14 December 2009

Helplessness and resignation?

Jane's diary, 14 December 1989, written in the train from Cologne to Brussels

What a crazy few days, writing Christmas post, washing, buying, packing ... 10 December was international human rights day, Friedrich Schorlemmer received the Ossietzky prize on behalf of Demokratischer Aufbruch. In Czechoslovakia, the Communist Party is now in a minority in the new government, Husak's final act as president was to swear in the new ministers, some who have been in jail until as little as a fortnight ago. Change seems even faster there than here in the GDR. Dubcek or Havel for president? All the shops were open in Wittenberg this afternoon, a Sunday, the 2nd advent, a cold clear day with yellow winter sunshine and a Father Christmas being driven in a horse and trap along the main street throwing out sweets to children.

I was full of cold for my last few days in Wittenberg. On the Sunday I made it to church. The church was cold and the sermon somehow missed the mark but the BBC Radio 4 service was coming from the United States and I was back in time to hear Barbara Harris finishing her sermon and then celebrating the Eucharist, the first woman to be elected a bishop in the US Epsicopal Church. That was special.

I got an exit visa in Wittenberg but when I got to the border in Berlin the border guards couldn't tell me whether or not my new entry visa was there. I crossed into the West with two of the other students who like me were in Berlin for a meeting with students from our sister seminary from West Germany, Soest. The other two went off to get their church Begrüssungsgeld from West Berlin (hard currencyto which otherwise East Germans had no legal access). The people there wanted to give me some too - quite seriously. Very odd!!! Then we set off on the 54 Bus for Spandau, which I knew very well from the gap year that I had spent working in a church-run children's home at the Johannesstift there. It was strange seeing the Christmas market in Spandau gain, just as it had been eight years ago, and the kitsch almost worse then the stuff in Wittenberg. Then out to an evening with the Soest lot at a Pizzeria at Savignyplatz in West Berlin where red wine was consumed. I stayed over in West Berlin.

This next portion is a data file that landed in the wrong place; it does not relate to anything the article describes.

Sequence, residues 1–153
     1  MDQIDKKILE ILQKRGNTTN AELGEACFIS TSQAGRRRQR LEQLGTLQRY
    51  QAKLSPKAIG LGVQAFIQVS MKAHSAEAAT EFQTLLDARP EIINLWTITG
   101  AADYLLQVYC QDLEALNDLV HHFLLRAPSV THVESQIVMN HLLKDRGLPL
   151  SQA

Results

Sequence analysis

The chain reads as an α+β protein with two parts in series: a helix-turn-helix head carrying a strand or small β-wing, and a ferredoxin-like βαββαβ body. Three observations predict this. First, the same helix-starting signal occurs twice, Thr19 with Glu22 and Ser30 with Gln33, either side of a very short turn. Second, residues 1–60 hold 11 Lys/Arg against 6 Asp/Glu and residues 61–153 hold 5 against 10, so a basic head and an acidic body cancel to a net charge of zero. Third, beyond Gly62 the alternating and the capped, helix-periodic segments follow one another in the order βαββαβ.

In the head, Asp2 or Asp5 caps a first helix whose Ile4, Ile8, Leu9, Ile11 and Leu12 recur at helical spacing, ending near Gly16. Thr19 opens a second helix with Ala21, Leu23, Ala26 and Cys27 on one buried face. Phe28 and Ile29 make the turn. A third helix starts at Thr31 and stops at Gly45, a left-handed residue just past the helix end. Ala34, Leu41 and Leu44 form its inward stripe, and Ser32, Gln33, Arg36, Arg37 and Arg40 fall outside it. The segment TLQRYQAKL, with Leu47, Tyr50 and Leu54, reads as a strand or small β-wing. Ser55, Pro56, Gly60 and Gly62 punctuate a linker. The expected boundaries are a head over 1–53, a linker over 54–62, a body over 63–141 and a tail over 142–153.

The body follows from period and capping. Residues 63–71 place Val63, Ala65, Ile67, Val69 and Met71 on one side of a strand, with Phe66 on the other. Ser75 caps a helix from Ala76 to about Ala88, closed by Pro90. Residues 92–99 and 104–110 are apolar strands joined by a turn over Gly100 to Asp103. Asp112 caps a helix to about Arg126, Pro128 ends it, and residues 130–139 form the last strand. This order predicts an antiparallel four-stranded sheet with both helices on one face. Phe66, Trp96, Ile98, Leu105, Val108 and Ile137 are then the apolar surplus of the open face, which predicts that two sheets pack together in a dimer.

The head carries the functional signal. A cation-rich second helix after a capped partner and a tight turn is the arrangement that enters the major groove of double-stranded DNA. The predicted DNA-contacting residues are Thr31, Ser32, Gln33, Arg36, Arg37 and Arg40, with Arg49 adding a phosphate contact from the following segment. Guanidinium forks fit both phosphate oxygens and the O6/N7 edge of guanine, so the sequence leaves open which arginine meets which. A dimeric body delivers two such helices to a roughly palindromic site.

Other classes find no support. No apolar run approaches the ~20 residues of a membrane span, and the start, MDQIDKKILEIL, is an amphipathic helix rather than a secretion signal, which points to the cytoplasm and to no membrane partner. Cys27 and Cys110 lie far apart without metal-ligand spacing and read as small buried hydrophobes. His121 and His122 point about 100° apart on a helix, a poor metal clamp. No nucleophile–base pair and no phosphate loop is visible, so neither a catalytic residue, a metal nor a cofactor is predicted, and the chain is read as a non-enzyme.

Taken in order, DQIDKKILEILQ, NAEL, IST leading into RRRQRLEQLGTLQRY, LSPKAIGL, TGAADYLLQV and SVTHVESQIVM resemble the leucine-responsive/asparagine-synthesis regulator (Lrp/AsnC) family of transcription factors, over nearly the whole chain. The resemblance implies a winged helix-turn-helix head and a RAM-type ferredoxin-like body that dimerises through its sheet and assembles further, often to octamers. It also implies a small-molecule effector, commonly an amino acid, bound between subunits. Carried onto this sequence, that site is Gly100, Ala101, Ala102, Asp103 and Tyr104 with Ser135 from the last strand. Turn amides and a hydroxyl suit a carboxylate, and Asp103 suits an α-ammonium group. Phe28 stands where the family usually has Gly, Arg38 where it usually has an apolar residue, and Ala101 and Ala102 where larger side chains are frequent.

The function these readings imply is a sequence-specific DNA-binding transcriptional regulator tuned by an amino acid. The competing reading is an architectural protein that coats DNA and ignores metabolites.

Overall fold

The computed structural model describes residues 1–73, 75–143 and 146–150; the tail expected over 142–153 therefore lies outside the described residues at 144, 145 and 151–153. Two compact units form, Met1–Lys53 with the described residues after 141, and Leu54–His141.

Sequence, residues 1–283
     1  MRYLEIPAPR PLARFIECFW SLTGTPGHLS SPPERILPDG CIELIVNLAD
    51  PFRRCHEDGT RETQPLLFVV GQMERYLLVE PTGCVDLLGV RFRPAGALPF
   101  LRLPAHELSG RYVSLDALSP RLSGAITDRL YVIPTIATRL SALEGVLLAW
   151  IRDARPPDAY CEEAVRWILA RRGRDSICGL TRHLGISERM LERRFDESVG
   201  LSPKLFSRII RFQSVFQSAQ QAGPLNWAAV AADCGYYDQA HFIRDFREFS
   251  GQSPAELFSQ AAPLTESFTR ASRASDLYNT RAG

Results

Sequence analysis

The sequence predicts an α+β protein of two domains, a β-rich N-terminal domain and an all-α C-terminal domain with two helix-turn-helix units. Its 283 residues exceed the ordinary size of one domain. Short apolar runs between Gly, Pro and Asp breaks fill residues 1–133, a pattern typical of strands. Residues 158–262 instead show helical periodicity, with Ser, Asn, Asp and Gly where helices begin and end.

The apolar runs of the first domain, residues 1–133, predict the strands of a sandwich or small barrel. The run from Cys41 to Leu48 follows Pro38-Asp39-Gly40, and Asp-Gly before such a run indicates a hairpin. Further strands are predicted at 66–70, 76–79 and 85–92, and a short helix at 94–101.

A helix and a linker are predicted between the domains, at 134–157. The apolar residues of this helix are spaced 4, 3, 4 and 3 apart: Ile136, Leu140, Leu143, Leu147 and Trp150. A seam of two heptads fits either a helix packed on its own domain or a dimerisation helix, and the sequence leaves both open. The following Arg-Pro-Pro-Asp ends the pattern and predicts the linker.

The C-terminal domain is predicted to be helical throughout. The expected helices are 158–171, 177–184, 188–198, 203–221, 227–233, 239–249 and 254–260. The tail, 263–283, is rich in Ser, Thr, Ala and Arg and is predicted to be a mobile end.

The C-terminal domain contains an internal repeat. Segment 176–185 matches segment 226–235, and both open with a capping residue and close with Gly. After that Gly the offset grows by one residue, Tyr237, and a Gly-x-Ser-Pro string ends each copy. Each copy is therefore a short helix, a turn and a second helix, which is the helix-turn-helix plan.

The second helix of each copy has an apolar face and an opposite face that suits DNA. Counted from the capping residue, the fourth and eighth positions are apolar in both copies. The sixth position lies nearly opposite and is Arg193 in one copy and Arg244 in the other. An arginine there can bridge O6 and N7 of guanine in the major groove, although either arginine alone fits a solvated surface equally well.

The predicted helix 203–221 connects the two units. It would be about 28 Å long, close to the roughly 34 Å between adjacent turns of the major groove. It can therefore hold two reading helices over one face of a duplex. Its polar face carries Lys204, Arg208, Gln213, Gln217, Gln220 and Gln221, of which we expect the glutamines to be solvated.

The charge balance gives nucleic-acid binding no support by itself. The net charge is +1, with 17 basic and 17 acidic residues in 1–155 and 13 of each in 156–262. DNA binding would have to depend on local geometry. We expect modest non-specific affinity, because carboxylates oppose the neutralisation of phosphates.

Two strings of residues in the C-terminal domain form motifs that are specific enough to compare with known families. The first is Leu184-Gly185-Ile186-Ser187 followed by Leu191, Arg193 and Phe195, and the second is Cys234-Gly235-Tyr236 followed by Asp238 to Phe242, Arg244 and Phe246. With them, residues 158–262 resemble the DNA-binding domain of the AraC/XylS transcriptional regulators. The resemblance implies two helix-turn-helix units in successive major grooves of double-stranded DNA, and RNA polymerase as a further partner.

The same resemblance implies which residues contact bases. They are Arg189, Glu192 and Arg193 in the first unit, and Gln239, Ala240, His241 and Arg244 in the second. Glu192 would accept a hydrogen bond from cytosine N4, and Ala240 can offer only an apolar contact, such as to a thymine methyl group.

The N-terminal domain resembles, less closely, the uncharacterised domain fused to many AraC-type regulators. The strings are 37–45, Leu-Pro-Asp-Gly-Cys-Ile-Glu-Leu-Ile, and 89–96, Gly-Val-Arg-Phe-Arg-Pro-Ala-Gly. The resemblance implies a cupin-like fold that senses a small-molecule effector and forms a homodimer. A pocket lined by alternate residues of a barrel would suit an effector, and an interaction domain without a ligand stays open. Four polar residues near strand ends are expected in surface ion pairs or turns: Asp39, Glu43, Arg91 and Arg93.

The next morning back to the border, where, amazingly a visa was waiting for me - and free of charge!! But the Polish visa office in East Berlin was closed - I needed to a get Polish visa for a trip our group was to make to Poland in the New Year. Then to the church headquarters in Augustrasse still a little worse for wear from the night before. I managed to make it back to the Soest meeting at the Auferstehungsgemeinde. I found myself in one group suddenly feeling like an easterner in a strange sort of way, chafing against the wishy-washy western liberalism. The crux of the question is not whether the we feel the "experiment" of socialism in the GDR should go on, but what are we willing to give up, we privileged Westerners and the answer is, "not a lot".

Earlier in the day at the foreigner's registration office at the police in East Berlin, I interpreted for a very sweet but rather clueless Australian who kept trying to pay in the wrong currency. This then led the overworked woman behind the counter to extend my residence permit until June 1989 - in my hungover state I didn't notice, but later in the evening the border guards didn't seem to mind too much, "just make sure that you get round to registering properly"!

Berlin was so wet and disgusting that I simply wanted out and away. On the train I thought back again to the German question, our sense of helplessness and resignation, no new ideas in the face of its inevitability and the lure of the Deutschmark. Whatever happened to "We're staying here!" On the train the guard noticed my ticket had been bought in GDR Marks in East Berlin and didn't ask me to pay the supplement for the InterCity train, it's strange being a token GDR citizen.


Dr B. said...

I'm sure that if the problem with your residence permit had been a year earlier you would have been sent back eastwards. One of the things I noticed after 9 November, even when I was refused entry, was that the border guards suddenly seemed more relaxed and friendly. What sort of life must it have been to sit in those cabins all day long vetting people to and from the west, knowing that the west was literally just a few metres away? Of course the political ideological education meant that you were to be convinced that your were protecting the socialist homeland against the capitalists on the other side of the wall ... One of the things about oppression is that it dehumanises the so-called "oppressors" as well.

janetlees said...

I agree with the point that we are all dehumanised by oppression, both opressed and opressor. That's why it was always so good to hear Tutu laugh at the Tutu jokes in South Africa (see Jane's blog for great photo of Tutu). It's really warming to read your diary and feel the human responses to what was happening.

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